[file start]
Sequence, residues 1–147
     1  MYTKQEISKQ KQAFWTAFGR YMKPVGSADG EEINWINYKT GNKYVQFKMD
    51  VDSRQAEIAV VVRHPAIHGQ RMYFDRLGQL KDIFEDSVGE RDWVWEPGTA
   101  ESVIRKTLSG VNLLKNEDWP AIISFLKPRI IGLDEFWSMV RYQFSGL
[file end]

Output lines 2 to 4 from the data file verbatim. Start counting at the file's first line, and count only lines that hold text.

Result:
     1  MYTKQEISKQ KQAFWTAFGR YMKPVGSADG EEINWINYKT GNKYVQFKMD
    51  VDSRQAEIAV VVRHPAIHGQ RMYFDRLGQL KDIFEDSVGE RDWVWEPGTA
   101  ESVIRKTLSG VNLLKNEDWP AIISFLKPRI IGLDEFWSMV RYQFSGL